San Francisco author Lynne Kaufman studied with – and has lived out – many ideas of legendary teacher and author Joseph Campbell
By Joe Castrovinci
“I felt like I had landed on Mars. It was all there – alternative medicine, Eastern religions, mindfulness, meditation, ecology, encounter groups and so on. We take these things for granted today, but they were strange, even radical, ideas back in the 1960s.”
That is longtime Sunset District resident Lynne Kaufman talking about her first trip to the Esalen Institute, a holistic education center in Big Sur.
“When we look back today on those years,” she continued, “we can see that Esalen opened a door that allowed a lot of important new ideas to enter the culture. It changed the way we live and think.”
Strange as these ideas seemed in the 1960s, there was an even bigger surprise waiting for Kaufman at Esalen. She drove down there from her home in San Francisco to hear Joseph Campbell talk about mythology – but, once he started speaking, she immediately began to sense that his teachings and charismatic personality were more than just interesting. They were going to have a big impact on her life.
“A friend who had studied with Campbell at Sarah Lawrence College went to Esalen with me and introduced me to him,” Kaufman said. “I was so impressed with his talks that I asked if he would like to offer a class at the UC Berkeley Extension, where I worked at the time. To my delight, he accepted.”
That visit was so well received by continuing education students at Cal Berkeley that Campbell began returning once or twice a year to give more presentations. Those visits in turn led to trips around the world where Campbell took groups of students to study with him in places like Greece, Southeast Asia and Mexico/Guatemala.
“The trips were some of the highpoints of my life,” Kaufman said. “There are a lot of things to admire about Campbell, and one of the most important is that whenever I heard him talk – and I heard him talk a lot – he always made his material new, fresh and exciting. Our students definitely picked up on that.”
Campbell died of cancer in the 1980s, but continues to be well-known as the author of the classic text The Hero with a Thousand Faces, the subject of the most-viewed documentary in PBS history, “The Power of Myth” with Bill Moyers, and an inspiration behind the Star Wars movies, one of many works of fiction in which his ideas are brought to vivid life.
Campbell’s most famous offering of advice – and one that’s deeply embedded in popular culture today – was to “follow your bliss.”
“When you do that,” he predicted, “doors will open where you thought there were no doors.”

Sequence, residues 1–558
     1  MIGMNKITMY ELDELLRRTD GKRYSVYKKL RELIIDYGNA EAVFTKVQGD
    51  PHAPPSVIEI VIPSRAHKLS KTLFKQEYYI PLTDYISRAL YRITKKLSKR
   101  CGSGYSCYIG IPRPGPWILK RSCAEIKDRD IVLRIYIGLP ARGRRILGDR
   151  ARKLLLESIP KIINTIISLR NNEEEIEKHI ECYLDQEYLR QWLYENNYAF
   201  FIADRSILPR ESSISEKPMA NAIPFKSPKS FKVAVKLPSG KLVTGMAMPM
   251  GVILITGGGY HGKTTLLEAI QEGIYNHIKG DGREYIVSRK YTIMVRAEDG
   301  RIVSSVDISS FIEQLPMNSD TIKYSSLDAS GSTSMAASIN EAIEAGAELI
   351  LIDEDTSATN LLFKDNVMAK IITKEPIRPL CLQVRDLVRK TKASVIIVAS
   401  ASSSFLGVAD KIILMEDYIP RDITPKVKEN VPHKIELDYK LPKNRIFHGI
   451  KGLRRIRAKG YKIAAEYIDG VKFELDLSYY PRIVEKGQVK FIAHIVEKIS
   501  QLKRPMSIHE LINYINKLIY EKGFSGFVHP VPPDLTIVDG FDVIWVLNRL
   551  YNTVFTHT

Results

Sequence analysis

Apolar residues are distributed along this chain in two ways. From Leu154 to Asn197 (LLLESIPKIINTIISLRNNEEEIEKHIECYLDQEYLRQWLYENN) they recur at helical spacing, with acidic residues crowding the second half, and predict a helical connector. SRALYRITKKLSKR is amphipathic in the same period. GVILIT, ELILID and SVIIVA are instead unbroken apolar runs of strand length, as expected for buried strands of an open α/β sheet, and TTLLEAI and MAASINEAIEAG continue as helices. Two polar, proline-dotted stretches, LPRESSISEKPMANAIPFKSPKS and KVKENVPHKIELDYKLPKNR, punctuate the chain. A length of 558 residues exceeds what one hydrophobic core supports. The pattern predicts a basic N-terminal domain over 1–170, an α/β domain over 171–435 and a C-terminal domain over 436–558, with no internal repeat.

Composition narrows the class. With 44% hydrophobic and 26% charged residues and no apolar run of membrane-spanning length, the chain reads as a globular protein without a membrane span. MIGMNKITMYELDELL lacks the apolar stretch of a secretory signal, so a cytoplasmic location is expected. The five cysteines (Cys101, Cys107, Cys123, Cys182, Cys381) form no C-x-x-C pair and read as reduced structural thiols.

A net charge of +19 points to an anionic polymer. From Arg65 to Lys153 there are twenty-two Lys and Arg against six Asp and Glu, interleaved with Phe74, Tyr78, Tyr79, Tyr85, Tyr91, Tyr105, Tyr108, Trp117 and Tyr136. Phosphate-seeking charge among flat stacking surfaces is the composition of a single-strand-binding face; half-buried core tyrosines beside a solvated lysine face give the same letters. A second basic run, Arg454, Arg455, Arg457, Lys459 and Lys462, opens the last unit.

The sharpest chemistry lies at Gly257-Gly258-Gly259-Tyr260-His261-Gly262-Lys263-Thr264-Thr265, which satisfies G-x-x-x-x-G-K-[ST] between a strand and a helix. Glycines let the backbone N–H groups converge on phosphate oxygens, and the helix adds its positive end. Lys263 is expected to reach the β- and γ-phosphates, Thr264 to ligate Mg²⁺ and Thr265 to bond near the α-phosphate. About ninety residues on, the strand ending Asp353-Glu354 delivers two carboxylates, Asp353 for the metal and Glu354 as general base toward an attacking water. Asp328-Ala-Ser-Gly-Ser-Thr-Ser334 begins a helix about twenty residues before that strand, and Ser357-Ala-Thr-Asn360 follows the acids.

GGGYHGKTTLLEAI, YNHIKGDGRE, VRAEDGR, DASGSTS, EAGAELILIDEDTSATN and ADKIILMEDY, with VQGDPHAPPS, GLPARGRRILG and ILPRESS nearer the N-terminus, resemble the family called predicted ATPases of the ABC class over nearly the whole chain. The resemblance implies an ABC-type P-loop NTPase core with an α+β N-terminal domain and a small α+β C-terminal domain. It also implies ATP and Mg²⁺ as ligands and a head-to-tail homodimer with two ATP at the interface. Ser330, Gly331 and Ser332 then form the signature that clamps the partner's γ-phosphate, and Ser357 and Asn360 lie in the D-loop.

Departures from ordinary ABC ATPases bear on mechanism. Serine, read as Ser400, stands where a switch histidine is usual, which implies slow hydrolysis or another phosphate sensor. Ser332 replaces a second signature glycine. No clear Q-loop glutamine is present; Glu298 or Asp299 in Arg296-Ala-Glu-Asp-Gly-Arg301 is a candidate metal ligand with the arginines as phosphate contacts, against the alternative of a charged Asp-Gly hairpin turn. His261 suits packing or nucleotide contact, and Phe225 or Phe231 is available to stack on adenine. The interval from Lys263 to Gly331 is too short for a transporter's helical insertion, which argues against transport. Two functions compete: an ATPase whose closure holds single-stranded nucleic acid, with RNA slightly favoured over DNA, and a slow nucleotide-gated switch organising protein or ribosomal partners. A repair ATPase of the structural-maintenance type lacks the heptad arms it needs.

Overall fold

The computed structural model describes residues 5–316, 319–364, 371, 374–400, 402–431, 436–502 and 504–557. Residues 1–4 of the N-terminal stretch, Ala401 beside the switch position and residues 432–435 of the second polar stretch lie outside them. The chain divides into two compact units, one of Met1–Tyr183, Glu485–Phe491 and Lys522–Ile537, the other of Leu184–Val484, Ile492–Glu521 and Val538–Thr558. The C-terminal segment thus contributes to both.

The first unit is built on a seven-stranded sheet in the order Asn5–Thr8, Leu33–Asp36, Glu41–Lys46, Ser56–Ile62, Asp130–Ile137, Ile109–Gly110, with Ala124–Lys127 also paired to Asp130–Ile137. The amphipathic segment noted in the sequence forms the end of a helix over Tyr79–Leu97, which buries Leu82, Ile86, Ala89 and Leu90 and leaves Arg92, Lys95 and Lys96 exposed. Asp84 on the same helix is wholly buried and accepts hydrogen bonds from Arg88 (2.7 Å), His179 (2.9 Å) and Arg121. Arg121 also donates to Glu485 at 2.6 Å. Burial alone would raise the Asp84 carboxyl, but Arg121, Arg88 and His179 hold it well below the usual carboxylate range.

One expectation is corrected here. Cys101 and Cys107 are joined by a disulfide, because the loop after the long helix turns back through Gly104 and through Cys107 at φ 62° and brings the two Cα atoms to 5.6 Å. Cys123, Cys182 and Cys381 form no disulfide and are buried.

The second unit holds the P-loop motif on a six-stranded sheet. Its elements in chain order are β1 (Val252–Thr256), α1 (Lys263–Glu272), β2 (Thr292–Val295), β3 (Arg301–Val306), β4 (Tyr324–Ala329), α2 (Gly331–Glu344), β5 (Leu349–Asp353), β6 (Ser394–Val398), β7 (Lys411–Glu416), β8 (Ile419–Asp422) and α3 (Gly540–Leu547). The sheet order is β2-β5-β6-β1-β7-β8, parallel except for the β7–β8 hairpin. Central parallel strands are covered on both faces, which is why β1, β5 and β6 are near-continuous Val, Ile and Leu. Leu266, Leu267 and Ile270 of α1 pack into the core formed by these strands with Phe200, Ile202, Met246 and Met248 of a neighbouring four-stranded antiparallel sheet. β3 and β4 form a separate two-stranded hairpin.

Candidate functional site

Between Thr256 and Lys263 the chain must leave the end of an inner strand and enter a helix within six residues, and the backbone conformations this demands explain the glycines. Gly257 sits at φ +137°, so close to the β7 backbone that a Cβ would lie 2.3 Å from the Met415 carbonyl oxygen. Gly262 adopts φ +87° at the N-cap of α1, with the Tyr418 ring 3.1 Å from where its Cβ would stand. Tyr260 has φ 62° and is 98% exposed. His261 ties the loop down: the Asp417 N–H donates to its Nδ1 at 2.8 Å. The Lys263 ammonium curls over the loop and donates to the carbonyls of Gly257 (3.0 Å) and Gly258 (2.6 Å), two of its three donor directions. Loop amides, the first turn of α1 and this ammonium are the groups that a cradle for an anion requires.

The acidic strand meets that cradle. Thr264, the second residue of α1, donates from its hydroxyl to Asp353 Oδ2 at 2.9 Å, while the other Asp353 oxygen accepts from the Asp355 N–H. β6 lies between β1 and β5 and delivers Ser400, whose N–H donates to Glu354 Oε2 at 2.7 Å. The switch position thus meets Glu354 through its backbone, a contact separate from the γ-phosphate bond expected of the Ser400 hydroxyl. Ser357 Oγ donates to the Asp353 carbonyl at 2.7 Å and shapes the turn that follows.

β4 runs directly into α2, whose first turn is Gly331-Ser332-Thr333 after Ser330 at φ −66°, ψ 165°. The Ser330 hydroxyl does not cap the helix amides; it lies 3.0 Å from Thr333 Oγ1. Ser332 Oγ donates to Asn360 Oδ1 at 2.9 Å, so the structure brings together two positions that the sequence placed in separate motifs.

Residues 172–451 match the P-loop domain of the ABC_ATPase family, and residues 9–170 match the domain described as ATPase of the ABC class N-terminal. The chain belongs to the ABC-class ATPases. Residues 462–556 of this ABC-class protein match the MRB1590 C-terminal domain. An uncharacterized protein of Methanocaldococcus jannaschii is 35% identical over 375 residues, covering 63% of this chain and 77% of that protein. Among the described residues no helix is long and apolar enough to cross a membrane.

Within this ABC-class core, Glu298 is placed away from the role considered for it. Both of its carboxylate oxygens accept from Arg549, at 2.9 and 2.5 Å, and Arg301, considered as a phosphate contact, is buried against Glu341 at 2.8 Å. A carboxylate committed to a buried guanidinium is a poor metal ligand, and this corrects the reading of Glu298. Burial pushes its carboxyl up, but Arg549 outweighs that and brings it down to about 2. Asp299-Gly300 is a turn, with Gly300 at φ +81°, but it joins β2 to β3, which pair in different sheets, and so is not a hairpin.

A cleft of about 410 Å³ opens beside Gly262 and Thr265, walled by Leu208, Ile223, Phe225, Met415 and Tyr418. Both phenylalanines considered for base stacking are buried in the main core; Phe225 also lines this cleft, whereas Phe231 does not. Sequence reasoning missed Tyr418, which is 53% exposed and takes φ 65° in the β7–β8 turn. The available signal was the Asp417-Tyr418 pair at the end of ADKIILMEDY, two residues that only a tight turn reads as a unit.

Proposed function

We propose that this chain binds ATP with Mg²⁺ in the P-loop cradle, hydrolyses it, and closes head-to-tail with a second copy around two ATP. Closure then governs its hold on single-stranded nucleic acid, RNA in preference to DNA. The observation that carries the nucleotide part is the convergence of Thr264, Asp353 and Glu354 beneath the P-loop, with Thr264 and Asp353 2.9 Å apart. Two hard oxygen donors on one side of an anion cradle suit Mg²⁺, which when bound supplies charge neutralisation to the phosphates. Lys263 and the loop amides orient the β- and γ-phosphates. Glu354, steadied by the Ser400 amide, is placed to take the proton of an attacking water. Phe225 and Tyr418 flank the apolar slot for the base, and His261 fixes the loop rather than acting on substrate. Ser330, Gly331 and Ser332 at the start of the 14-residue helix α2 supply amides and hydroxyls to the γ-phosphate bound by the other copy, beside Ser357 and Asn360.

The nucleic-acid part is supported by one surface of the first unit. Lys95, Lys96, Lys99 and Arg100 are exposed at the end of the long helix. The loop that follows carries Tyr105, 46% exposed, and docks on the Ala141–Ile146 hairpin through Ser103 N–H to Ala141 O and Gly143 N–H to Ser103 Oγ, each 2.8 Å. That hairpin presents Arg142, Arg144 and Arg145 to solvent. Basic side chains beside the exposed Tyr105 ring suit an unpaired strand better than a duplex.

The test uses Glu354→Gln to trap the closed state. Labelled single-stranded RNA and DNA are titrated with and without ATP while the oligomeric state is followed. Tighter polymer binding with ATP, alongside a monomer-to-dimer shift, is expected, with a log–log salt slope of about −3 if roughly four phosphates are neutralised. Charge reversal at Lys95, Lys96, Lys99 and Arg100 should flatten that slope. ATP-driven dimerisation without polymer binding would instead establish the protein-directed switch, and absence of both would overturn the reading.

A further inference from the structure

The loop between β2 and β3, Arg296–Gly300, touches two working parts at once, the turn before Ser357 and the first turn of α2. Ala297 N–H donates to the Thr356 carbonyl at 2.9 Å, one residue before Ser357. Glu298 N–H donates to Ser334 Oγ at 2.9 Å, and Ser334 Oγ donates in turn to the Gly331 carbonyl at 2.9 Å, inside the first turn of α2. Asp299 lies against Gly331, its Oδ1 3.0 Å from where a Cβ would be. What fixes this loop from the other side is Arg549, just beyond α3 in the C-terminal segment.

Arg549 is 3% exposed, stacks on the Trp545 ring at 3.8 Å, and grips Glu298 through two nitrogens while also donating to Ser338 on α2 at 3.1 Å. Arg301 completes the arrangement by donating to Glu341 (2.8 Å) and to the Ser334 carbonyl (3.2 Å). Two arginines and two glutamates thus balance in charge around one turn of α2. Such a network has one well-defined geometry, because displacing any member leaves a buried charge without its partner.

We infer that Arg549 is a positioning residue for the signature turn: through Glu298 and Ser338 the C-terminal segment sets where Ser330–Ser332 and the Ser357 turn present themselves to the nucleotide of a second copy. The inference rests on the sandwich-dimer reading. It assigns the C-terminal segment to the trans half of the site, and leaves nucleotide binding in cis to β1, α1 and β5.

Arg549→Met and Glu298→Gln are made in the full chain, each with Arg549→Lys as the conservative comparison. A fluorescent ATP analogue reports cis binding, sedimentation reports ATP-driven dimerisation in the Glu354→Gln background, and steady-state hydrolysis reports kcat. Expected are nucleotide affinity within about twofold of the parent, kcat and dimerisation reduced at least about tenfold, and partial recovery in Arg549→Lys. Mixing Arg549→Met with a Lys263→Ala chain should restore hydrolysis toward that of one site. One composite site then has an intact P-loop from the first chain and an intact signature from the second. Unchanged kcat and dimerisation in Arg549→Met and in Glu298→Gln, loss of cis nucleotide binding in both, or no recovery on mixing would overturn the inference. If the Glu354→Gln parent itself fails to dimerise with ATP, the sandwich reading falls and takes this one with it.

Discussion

For Campbell, bliss was research, and he went at it tirelessly. For Kaufman, bliss was writing. Her contact with Campbell helped inspire her to launch a long, prolific and award-winning career as an author and playwright.
Today, Kaufman has retired from the Berkeley Extension but is the proud author of 20 plays, a dozen short stories and four novels. She is also a teacher, hard at work spreading the word about Campbell’s works, discoveries, and lessons at San Francisco’s Osher Lifelong Learning Institute (OLLI). She is offering a workshop in which students study passages from one of Campbell’s works, write personal essays about how these teachings resonate in their own lives, and, if they wish, share their ideas and learnings with each other.
The OLLI workshop meets six times in April and May, and at each session Kaufman introduces a major concept from Campbell’s work. For example: “The gift of a lifetime is to become yourself,” or “As you go the way of life, you will see a great chasm. Jump. It is not as wide as you think.” The workshop has three goals: discuss the work of Joseph Campbell; inspire students to reflect on their own philosophy of life; and give them a chance to improve their writing skills.
Many of Kaufman’s own works explore some of the most important ideas developed by Campbell. Her latest novel, Divine Madness, which arrives in bookstores and on Amazon on May 15, focuses on the tumultuous relationship between two well-known writers, poet Robert Lowell and Liz Hardwick, one of the founders of the New York Review of Books. Kaufman was attracted to their story because it is so intensely dramatic and because in it we see at work a Campbell maxim: “When you sacrifice in a marriage, you are not sacrificing to the other person, but to the relationship.”
Kaufman’s works also discuss the triumphs and travails of well-known women, including Sylvia Plath, Margaret Mead and Susan Sontag. All three of those solo plays can be viewed on The Marsh Theatre’s on-demand website. “Who Killed Sylvia Plath?” starring Lorri Holt, was the winner of The Marsh’s 2001 International Solo Festival.
On Sunday, May 15, Kaufman will launch the publication of her new novel with an event at The Marsh San Francisco that features a dramatic reading of her one-act play “Divine Madness” featuring Julia McNeal and Charles Shaw Robinson. The reading will be followed by a panel discussion about how the work evolved into a novel.
For more information about Lynne Kaufman, visit her website. For more information about the Osher Lifelong Learning Institute at San Francisco State and its many programs for people over 50, visit http://olli.sfsu.edu.
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